The downside to having a large dilated pupil is that you lose what is called your depth of focus. This happens when we dilate our patients in the clinic all the time. They feel like they can still see things, but everything around the edges seems to have a subtle little blur to it. And that’s because with a dilated pupil, you have a good focus ability, but it’s a very narrow range of focus. Where normally with a small pupil, your range is really big. So while you’re driving, you can still see road signs, but everything in front of that road sign and everything behind that road sign is just out of focus and not as sharp.

And of course, the reason why oncoming headlights can induce even physical pain to our eyes is because when that headlight comes and hits you, your pupil can constrict really fast. And that constriction of those pupillary muscles, you can sometimes feel them and it becomes painful.

Now the second reason why driving at nighttime sucks so bad has to do with the new headlights themselves. The first problem has to do with what is called photoretinal bleaching. You know how if you look at a bright flashlight, even for just a second, if it’s super bright, there’s kind of this afterglow effect where you can see this after image of the light bulb itself, but everything in your visual kind of visual perception seems blanketed in kind of this whitish glow for a few seconds.

So this is something where a car, it may be coming your way in front of you with his headlights on, or perhaps a big truck will be behind you shining its bright lights into the rear view mirror and then hitting you in the eyes there. Either way, the lights can bleach the photoreceptors in the back of your retina and it takes some time for these photoreceptors to sort of rejuvenate and wake up and reset. And that can be really scary because if that happens to you, there’s this few seconds where you just can’t see details in front of you, maybe hard for you to see the lines on the road, maybe can’t see another car or an animal or even a pedestrian that may come off maybe the side of the road. And that’s where the headlights, especially these newer brighter ones can become almost dangerous in a way.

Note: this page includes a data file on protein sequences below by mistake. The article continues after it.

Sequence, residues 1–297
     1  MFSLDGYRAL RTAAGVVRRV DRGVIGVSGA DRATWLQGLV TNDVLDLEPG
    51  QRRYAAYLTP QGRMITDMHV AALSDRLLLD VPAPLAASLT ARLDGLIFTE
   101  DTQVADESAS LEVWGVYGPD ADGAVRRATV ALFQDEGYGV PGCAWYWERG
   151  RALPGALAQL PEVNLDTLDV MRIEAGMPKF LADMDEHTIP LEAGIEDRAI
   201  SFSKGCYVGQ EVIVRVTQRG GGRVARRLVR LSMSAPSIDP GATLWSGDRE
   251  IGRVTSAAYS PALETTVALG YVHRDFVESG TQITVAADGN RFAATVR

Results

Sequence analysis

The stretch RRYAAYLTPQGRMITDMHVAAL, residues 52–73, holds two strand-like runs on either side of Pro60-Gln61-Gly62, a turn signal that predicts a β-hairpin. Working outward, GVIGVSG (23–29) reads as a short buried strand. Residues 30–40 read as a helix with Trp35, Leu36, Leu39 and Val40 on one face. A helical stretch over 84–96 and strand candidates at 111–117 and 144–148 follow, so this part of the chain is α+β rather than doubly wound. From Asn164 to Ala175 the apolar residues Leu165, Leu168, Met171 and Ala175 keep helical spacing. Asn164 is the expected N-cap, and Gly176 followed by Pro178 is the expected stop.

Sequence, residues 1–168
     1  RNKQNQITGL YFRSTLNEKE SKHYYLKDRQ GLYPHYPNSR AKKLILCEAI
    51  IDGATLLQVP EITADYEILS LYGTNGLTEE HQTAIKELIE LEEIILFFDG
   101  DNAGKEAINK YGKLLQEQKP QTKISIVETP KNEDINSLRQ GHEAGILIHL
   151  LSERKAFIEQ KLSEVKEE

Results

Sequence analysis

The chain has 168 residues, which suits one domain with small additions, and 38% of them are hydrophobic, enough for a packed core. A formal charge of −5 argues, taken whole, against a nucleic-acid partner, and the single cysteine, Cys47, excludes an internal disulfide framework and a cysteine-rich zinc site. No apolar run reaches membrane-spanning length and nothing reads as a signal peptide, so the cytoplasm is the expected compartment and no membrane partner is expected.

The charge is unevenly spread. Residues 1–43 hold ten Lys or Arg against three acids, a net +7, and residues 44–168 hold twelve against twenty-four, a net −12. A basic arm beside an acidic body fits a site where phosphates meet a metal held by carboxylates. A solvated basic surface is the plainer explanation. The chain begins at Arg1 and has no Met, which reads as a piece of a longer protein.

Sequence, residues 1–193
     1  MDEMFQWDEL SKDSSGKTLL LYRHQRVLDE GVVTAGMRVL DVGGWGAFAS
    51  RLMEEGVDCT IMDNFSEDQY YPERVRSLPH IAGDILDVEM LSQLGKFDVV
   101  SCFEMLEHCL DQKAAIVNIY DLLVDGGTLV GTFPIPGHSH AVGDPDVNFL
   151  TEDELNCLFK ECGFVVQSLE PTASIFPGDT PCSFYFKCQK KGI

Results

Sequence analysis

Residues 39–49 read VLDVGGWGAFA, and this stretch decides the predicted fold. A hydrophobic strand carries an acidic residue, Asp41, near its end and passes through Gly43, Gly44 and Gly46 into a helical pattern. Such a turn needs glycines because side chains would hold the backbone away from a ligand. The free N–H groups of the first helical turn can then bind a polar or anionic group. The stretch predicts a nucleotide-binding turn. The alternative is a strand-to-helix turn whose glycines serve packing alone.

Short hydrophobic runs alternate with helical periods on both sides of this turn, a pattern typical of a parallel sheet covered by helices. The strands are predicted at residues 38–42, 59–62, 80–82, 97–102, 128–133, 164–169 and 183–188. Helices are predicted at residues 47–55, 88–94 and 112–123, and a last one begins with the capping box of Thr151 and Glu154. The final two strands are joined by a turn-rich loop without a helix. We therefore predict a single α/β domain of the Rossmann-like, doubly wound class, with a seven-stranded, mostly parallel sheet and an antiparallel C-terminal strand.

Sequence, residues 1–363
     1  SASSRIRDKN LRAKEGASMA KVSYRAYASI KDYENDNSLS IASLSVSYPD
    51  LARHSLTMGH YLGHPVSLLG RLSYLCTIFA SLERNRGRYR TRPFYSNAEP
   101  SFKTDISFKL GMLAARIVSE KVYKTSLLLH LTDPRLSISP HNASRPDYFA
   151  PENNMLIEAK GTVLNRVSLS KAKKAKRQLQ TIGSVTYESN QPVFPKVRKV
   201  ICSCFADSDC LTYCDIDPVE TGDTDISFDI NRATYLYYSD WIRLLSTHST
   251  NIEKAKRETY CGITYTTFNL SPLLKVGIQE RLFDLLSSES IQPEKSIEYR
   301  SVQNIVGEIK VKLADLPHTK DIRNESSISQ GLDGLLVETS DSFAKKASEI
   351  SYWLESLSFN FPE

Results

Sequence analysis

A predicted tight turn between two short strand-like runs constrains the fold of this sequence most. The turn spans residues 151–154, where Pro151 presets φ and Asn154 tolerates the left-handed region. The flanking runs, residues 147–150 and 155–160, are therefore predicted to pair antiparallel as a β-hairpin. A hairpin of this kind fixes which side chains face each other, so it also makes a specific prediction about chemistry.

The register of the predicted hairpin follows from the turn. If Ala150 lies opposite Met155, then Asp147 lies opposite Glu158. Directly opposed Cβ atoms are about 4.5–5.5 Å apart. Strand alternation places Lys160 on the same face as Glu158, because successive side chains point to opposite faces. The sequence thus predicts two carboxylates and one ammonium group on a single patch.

And the other reason why headlights can be such a problem and even dangerous has to do with glare. And this is really true when it comes to the newer headlights that are out, because I remember growing up as a young kid, most headlights on cars were kind of this yellow tungsten sort of color because there were halogen light bulbs. And then around the year 2000, they invented what are called xenon headlights. And then eventually LED headlights came out and the newer xenon and LED lights, they give off way more of a white and even a bluish hue of light. In fact, let me know if you’ve ever seen a bright blue headlight coming your way. And if they bother you, I think personally they should probably be made illegal in some way because when I see them, they not only are bothersome visually, like I can’t see, but they cause almost like a physical pain inside my eye. But compared to the older softer yellow colored lights, people really didn’t have a problem with those old yellow lights, not like they do today.

And that’s because even with the brightness levels kept the same, the new whiter blue lights, your neurological system perceives as being brighter. On top of this, in newer research studies, blue light has been found to be more triggering and disturbing for our neurological system. And blue light

This article is a summary of the YouTube video ‘Blinded by Headlights? Here’s what to do’ by Doctor Eye Health